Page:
Television Options Restrictive - Terminated Cable

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With all the hype right now about the latest offering by Google, the Nexus One, it made me think about other products and services that I often wish offered more options. One service that came to mind almost immediately was television. I recently terminated my cable service because I feel the price is too high; basic cable costs about $20 a month but has almost nothing I like; $80 a month gets me almost sixty channels--a few of which I like--but is too expensive. And, unfortunately, Shaw has a virtual monopoly on cable television service in the Vancouver area.

Telus, a local telecom company has started offering limited TV service, but I have heard that the quality is still not very good (supposedly, everything looks like a YouTube video). In addition, Telus has an irritating habit of bundling everything. You can’t get anything without a contract and one service depends upon what other Telus services you have. No thanks, Telus. Somebody tell the managers at Telus people want more control over their lives, not less. (Notice the death of newspapers? The popularity of MP3 players, etc.? People want to fine-tune their selections in life and have more granular options.)

So . . . bye-bye television service.

I am not ruling television out of my life completely; perhaps one day it will come back into my home– under the right conditions. The fact is, I am willing to pay about $20 a month for television. However, very rarely did I watch any of the channels that are included in the basic cable package: talk shows, news, sports, or sitcoms. That rules out about 80% of what is on TV. Nor do I have any interest in the weather channel, the women’s channel, the multicultural channel, the sports network, the shopping channel, CNN, or local interest channels. The channels that I did watch, for example, The Discovery Channel, the Space Channel, and the Food Network, are on the higher-numbered channels that come bundled with many of these unwanted channels. I look forward to the day when I can select the exact four or five channels I want without having to also take a multitude of unwanted channels. If quality online options ever become available, which even allow me to pick the times I want to view programs, I will be very happy.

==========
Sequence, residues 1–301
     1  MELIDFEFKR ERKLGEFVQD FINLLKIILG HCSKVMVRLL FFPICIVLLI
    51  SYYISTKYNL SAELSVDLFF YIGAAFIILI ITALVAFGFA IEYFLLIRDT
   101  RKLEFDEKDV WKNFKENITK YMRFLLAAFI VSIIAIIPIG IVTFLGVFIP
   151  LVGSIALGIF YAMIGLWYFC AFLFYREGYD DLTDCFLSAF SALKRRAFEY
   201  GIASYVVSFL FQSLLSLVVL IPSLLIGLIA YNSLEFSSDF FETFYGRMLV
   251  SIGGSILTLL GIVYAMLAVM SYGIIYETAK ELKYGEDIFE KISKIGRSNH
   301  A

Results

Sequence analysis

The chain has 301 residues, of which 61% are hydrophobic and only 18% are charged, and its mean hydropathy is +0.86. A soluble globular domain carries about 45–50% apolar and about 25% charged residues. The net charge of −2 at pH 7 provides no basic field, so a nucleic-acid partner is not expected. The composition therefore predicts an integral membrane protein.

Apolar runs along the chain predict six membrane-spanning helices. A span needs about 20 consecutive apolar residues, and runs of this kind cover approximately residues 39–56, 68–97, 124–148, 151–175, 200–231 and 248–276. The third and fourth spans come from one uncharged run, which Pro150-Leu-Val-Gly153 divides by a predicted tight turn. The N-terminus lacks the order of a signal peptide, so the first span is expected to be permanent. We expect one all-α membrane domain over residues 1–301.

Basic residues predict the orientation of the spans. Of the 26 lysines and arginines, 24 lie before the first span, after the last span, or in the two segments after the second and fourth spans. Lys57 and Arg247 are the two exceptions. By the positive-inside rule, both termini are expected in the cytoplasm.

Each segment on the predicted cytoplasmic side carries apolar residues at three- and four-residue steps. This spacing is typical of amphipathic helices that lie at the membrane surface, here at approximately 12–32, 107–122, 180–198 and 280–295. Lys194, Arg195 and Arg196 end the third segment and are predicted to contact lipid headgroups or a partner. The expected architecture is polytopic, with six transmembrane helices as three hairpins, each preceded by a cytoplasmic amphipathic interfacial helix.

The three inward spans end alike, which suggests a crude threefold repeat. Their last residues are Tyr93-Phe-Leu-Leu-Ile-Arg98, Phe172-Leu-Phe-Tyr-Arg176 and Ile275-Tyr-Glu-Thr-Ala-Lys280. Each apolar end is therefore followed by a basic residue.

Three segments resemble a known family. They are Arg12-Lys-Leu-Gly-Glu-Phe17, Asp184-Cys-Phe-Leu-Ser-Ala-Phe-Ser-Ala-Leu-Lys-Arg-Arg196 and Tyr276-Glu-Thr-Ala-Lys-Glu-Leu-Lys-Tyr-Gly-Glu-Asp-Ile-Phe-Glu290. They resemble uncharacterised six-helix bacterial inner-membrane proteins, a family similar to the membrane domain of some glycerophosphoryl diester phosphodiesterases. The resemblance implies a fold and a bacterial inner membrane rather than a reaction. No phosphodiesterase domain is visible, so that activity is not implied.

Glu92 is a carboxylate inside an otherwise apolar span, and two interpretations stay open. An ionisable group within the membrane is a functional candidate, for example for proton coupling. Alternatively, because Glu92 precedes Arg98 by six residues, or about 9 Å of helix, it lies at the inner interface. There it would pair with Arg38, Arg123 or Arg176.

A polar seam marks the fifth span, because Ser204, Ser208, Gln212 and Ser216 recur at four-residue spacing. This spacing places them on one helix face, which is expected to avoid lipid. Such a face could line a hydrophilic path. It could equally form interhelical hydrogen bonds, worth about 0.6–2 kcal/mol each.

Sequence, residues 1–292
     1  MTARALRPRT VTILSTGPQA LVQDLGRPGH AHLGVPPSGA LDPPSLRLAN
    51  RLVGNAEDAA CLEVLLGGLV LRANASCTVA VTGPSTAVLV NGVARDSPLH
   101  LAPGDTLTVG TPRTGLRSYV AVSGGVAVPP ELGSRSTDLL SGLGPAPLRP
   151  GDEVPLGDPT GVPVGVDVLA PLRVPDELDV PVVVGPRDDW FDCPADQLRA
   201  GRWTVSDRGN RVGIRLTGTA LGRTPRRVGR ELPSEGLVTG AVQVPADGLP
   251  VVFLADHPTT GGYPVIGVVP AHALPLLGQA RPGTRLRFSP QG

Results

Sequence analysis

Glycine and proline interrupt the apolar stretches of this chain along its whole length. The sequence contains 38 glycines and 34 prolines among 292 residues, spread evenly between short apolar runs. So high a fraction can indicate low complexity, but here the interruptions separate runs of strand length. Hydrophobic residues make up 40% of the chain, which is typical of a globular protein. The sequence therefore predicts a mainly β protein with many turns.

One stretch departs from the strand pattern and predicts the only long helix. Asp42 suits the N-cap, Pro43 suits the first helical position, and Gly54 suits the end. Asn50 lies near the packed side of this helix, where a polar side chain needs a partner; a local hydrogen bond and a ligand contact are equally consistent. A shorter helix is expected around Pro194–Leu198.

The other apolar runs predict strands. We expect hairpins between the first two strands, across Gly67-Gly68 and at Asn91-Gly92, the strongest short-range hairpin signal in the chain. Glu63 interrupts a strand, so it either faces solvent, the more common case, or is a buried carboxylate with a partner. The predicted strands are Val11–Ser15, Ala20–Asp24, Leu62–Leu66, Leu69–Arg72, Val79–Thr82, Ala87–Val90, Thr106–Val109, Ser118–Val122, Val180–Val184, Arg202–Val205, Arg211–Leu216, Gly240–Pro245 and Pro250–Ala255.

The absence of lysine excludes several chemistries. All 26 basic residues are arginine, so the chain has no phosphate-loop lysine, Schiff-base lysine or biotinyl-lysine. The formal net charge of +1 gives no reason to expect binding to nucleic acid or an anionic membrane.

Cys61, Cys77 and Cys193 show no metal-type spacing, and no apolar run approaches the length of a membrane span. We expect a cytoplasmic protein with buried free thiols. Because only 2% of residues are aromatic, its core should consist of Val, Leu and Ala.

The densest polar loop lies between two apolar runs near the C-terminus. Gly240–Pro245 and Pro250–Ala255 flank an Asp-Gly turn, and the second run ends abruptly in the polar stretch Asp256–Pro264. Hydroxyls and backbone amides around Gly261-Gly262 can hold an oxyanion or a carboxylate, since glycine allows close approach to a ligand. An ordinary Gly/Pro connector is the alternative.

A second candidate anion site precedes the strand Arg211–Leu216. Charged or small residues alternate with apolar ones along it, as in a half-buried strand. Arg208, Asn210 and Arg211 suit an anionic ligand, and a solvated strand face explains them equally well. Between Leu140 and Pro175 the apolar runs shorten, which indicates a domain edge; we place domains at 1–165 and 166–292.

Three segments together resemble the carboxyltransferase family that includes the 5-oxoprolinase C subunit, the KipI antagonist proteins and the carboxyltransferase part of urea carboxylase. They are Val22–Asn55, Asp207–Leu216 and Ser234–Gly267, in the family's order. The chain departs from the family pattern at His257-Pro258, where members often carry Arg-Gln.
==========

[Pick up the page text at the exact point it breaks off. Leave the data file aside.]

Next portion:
Whether a television service package includes 100 channels or 1000 channels, I just cannot bring myself to pay $80 per month. After all, it is just television: the boob tube, the idiot box, the time waster, the couch potato companion, etc. I just cannot get past the thought of paying more than $20 a month for television.

Google, any chance offering televison services is on your agenda? Please!?

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